The research for my PhD (Strathclyde, 2010) focussed on intelligence and activism. It addressed the ways large corporations seek to manage and manipulate public protest. And it revealed the informal dimension of information gathering hidden behind the politics and practices of public relations and reputation management. My book, Secret Manoeuvres in the Dark, corporate and police spying on activists (Pluto, summer 2012), brings together a set of case studies examining corporate espionage, based on exclusive access to previously confidential documented sources. Each story is systematically unravelled to map the different aspects of the spying process. Detailing chronology, agents and strategy, each case is analysed as an actual intelligence operation, creating a new perspective on the events. The stories in this book highlight the privatisation of intelligence, and the increasing value of information as capital in power relations. The research reveals increasingly blurred boundaries between public and private in secret work, which, in my opinion, represents a potential danger to democracy. The book seeks to broaden the understanding of the policies of large corporations in their pursuit of power, and their efforts to avoid public debate and silence critics. At the same time, promoting greater awareness of activist intelligence is essential to enhance resistance to corporate surveillance.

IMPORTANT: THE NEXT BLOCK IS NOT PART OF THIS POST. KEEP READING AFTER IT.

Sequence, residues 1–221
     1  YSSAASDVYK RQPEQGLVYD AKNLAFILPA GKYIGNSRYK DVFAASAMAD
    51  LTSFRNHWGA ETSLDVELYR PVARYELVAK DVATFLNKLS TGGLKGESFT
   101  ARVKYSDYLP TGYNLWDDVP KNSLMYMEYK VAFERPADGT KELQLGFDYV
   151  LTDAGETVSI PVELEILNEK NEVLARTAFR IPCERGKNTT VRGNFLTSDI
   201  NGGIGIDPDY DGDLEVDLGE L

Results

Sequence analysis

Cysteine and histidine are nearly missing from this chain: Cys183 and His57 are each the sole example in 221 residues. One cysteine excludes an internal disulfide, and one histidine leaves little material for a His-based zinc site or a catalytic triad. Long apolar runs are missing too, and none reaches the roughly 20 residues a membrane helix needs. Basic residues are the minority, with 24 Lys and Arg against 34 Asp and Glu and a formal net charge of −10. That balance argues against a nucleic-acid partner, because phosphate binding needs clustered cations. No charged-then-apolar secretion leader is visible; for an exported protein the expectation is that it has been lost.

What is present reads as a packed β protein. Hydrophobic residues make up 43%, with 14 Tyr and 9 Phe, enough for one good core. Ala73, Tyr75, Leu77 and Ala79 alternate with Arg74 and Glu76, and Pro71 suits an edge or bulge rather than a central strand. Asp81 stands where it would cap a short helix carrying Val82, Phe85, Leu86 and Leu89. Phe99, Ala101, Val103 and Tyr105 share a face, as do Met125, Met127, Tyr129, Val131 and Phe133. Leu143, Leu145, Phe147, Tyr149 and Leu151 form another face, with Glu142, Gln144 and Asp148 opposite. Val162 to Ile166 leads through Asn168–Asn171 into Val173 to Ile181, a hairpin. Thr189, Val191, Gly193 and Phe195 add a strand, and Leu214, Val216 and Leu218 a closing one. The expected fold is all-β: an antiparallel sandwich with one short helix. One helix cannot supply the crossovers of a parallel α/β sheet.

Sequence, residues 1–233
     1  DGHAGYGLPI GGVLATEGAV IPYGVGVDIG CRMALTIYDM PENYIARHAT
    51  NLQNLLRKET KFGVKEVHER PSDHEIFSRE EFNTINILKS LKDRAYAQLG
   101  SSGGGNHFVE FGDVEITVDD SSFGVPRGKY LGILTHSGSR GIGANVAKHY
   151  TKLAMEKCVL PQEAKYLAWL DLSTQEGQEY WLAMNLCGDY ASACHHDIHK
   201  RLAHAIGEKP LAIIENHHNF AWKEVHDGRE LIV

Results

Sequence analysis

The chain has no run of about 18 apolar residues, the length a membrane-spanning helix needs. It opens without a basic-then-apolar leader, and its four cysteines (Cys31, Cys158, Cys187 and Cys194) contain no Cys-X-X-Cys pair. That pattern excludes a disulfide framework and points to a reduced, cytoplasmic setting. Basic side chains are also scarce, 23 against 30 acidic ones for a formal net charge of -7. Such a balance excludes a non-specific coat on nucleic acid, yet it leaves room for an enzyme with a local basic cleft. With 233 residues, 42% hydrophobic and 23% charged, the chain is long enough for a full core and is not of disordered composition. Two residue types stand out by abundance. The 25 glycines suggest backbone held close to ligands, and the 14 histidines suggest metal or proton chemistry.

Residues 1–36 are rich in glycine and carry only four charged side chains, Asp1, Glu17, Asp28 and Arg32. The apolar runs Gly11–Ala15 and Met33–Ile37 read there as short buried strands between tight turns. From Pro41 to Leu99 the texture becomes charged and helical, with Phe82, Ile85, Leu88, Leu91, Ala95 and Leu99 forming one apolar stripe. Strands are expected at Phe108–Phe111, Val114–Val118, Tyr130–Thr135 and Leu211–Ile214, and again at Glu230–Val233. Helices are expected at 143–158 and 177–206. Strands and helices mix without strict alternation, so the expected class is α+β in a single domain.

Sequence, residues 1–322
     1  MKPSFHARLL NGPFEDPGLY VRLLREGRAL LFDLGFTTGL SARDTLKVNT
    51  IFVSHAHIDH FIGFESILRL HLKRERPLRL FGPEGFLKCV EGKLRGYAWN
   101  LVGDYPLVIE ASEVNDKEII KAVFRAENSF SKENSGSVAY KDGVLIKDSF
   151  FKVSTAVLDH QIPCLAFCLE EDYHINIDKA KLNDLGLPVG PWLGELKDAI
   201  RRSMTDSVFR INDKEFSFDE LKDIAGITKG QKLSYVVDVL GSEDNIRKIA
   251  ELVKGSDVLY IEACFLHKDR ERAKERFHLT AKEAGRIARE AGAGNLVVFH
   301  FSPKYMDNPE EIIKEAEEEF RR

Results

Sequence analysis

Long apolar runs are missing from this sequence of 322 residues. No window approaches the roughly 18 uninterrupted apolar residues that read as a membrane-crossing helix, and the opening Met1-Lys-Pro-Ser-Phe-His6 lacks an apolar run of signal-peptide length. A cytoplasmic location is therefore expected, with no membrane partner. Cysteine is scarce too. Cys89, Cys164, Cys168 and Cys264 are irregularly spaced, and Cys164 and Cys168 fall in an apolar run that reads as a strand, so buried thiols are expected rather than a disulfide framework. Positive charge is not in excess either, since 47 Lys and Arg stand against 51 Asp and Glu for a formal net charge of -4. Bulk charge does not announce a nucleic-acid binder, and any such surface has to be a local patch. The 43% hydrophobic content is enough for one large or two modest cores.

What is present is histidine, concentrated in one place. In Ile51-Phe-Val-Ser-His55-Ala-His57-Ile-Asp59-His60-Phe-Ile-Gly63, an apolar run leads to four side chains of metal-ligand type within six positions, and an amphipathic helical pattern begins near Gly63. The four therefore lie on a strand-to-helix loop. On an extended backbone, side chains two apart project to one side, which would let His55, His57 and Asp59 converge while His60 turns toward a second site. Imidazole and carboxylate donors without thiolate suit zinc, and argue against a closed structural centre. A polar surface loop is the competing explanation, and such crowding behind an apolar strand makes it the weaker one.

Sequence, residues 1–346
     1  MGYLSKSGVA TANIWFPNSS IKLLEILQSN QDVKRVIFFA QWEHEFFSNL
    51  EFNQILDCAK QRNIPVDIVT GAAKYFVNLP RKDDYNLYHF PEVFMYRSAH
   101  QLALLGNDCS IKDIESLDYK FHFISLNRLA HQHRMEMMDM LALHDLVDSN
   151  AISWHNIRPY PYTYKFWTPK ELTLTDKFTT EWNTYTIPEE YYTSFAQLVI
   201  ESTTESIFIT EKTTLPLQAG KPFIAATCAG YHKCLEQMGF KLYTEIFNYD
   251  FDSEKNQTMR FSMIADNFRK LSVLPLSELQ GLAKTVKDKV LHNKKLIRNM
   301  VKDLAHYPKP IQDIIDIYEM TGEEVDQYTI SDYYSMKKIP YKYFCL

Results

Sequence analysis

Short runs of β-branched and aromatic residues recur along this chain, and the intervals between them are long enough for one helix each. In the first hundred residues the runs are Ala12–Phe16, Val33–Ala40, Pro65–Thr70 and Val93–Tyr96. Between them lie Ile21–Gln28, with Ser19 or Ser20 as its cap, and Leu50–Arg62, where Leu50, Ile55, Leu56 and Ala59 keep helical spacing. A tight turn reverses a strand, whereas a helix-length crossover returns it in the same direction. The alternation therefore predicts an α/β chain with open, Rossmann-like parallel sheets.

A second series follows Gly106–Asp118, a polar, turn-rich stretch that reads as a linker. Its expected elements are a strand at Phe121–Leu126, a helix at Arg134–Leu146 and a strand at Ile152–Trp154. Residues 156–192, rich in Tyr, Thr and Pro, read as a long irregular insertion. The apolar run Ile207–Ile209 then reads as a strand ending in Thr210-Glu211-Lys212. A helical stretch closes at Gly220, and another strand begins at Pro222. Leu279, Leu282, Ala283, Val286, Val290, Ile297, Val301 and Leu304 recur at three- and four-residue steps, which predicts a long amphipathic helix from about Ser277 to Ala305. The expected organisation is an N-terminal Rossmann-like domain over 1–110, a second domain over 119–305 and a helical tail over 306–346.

Secret Manoeuvres in the Dark – a new field of research

To develop activist intelligence and covert corporate strategy as a field of research, more detailed examples are required. However, original source material is – almost by definition – hard to access, maybe secret, and often difficult to comprehend. Intelligence operations necessarily take place in secret, under-cover. Data on such operations are confidential by nature, prepared for the client’s ‘eyes-only’. Discovery of proof behind stories and controversies that surface in the media is essential to put the events in perspective and understand the wider context. But new research needs to be initiated too. The importance of the issues at stake calls for a more active role for social scientists, investigative journalists, politicians and NGOs, and others concerned about the role of public protest in society.

A Multidisciplinary Approach

The field of research not only covers the gathering of information, but relates to the development of covert strategy as well. The stories in Secret Manoeuvresconfirm that the analysis of intelligence informs how the company deals with critics. This could be pro–active policy to stay ahead of possible problems, or to take action to prevent problems – or both. There is a need for research into what these policies entail. Of course, the wider context needs to be explained too. Why do companies chose to undermine their critics? How often does it happen? Which companies decide to employ covert strategies and what are the circumstances that determine such decisions? At what level in the company hierarchy is the decision to implement intelligence operations taken, and who else knows about it?

A multidisciplinary approach would have to include aspects of globalisation and privatisation, the power of TNCs, the movement for social justice, civil society and the internet, PR and issue management, and intelligence studies. Mapping the world of grey intelligence would benefit from research into the political economy of the private intelligence agencies and consultancies involved, while the informal contacts of former agents require social network analysis.